It feels good to belong—to one’s family, to a group of friends, to a team—to be part of something bigger than oneself. Belonging creates feelings of comfort, joy, peace and purpose. How good must it have felt to be chosen as one of the Twelve Apostles? And to have an inkling, then the growing certainty that the one who chose you is not just a man but the Son of Man, the Messiah. The one who called you to be among the inner circle, to be at the heart of the kingdom-building project, was the one prophesied throughout the ages.
Whatever the ancient Jewish equivalent was of the fist-bump or the “Yes!” while you high-five someone, it’s hard not to imagine the apostles getting a little pumped up about being the chosen Twelve.
This is the general context for understanding their behavior on the way through Galilee, when Jesus was telling them, “The Son of Man is to be betrayed into human hands, and they will kill him, and three days after being killed, he will rise again.” The Gospel of Mark tells us that they did not understand what Jesus was saying and that they “were afraid to ask him.”
Was this fear simply a desire not to hear Jesus, not to distract from their own scenarios of the future? It turns out that they had been arguing among themselves about “who was the greatest.” But this is normal, isn’t it? “I don’t want to be a football player, I want to be the greatest football player!” “I don’t want to be an ordinary baker, I want to bake the greatest loaf of bread this city has seen.” And it does not seem inherently problematic to want to fulfill one’s human abilities and gifts to the best of one’s ability.
So what is the problem with arguing, “I am not just one of the twelve, I am the greatest apostle?” Jesus presents to his apostles a spiritual world in which true greatness is measured not by human striving or boundless ambition but by servanthood. This is a gift and an ability that does not rely on pre-eminence or superiority but on presence for those in need.
It is in caring for the little ones, Jesus says, that his apostles live up to the call of the Gospel. Jesus offers as an example a “little child” (paidion) and says, “Whoever welcomes one such child in my name welcomes me, and whoever welcomes me welcomes not me but the one who sent me.” The treatment of the child becomes the measure of greatness because it demands true humility and service. Loving a child does not offer prestige, honor or wealth, especially when a paidion in antiquity was generally in the care of mothers, nurses or slaves. This was not the work of a man, certainly not the hand-picked viceroys of the Messiah.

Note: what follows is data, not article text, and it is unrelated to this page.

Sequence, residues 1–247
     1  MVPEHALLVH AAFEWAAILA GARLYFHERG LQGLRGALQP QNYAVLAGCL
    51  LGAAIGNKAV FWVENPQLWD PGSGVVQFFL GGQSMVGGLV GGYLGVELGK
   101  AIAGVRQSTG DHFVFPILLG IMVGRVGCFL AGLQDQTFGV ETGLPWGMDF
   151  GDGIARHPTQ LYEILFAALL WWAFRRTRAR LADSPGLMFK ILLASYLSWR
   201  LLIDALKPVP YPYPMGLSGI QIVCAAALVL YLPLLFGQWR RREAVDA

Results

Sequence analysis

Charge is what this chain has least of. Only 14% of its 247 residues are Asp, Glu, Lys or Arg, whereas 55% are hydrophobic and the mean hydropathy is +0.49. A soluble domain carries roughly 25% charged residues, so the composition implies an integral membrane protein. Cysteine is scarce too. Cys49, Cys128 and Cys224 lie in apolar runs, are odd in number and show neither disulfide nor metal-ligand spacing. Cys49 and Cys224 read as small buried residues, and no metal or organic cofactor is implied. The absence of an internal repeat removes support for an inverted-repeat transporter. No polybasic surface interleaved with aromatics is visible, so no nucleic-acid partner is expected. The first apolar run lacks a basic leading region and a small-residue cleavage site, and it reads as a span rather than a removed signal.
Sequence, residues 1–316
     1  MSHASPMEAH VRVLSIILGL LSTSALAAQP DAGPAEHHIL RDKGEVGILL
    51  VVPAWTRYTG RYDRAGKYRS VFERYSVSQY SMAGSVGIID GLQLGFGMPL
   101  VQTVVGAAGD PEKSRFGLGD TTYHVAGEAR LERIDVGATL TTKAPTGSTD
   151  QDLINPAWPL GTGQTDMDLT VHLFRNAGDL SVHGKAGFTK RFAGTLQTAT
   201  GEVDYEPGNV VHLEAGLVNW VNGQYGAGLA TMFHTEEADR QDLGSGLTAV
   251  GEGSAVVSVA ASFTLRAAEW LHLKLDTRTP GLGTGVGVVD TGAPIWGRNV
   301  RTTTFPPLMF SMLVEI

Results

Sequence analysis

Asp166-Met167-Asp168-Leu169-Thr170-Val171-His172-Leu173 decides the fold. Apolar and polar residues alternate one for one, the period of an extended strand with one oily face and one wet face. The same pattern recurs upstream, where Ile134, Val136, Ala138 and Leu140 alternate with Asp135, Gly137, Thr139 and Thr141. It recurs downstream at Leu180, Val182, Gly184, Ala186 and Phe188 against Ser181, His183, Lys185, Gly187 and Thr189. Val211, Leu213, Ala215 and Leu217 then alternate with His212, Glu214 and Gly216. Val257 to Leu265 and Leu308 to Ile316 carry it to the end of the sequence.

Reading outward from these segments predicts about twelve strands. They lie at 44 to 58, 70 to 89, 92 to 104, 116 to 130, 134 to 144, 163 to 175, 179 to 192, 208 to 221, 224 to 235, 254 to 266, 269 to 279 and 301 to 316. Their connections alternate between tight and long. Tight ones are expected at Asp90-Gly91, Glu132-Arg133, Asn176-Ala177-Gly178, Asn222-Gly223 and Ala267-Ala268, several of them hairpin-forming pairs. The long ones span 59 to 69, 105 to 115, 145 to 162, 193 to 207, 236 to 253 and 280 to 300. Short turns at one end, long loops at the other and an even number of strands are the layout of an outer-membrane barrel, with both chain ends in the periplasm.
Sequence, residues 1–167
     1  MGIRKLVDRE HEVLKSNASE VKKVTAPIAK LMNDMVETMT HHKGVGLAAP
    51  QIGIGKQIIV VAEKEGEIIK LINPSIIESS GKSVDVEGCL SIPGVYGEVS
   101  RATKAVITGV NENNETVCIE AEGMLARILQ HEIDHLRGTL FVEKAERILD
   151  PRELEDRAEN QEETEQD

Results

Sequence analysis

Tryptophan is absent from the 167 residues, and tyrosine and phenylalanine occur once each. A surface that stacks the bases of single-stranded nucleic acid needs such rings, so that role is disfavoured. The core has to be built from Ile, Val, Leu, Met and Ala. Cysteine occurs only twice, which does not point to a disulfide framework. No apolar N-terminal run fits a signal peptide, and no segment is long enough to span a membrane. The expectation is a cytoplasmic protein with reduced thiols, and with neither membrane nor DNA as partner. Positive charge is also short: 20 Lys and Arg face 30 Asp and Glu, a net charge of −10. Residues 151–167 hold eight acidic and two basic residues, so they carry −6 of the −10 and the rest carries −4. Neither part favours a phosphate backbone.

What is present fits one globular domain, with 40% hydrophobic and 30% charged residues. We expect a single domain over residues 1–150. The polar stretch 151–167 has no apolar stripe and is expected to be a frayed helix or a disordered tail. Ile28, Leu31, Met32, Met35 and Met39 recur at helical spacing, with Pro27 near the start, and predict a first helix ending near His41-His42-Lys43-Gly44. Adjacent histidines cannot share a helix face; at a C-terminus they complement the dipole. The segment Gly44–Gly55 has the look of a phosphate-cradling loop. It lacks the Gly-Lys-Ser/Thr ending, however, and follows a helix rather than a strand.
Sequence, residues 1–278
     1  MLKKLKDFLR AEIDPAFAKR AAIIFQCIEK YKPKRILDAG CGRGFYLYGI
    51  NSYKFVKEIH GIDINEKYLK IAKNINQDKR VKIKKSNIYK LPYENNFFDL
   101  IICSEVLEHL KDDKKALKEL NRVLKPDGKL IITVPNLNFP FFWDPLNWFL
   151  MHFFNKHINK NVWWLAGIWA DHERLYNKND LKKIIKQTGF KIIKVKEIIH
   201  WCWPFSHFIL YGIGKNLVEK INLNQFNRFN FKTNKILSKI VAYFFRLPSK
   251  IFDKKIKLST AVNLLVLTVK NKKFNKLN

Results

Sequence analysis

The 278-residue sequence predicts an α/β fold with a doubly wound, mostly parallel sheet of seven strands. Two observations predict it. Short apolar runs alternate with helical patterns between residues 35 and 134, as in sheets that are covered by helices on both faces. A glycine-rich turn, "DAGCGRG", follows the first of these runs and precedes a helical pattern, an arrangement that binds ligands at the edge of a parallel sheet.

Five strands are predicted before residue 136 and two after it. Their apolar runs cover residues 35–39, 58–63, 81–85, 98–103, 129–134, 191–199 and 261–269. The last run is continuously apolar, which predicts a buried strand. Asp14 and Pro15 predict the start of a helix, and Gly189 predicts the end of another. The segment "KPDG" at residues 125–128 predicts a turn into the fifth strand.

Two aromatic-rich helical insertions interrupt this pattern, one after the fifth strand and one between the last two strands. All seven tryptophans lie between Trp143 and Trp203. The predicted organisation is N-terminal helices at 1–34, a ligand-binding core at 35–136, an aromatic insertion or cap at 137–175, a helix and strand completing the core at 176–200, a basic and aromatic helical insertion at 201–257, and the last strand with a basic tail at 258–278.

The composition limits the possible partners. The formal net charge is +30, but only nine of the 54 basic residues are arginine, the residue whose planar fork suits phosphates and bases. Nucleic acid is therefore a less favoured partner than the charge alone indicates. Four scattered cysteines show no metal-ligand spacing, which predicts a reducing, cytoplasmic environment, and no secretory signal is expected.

Yet the deep wisdom of God is at work here, for we are all children of God, dependent at all points in our lives on the service of others, in varying and different ways. Spiritual humility is not the manifestation of a lack of self-esteem or a sense that we are unloved and unlovable but the acknowledgment that we are dependent upon God and others, even for the genuine gifts and vocations we are to express for others. Our boast must be that we are children of the Lord and that God is our father.
To recognize that we are called as disciples of Jesus is to be at the service of others, especially children and all others who are vulnerable, marginalized and otherwise forgotten. Servanthood orients our relationships with others, for when our desires are out of order, as James writes, our relationships become disordered: “Those conflicts and disputes among you, where do they come from? Do they not come from your cravings that are at war within you?”
We fulfill these cravings when we belong, when we are loved, and when we are part of something. Jesus calls us to the church for this purpose, to care for those whose own hopes for belonging have been dashed. When we bring our manifold human gifts to the service of others, true greatness emerges with every act of love and every word of compassion.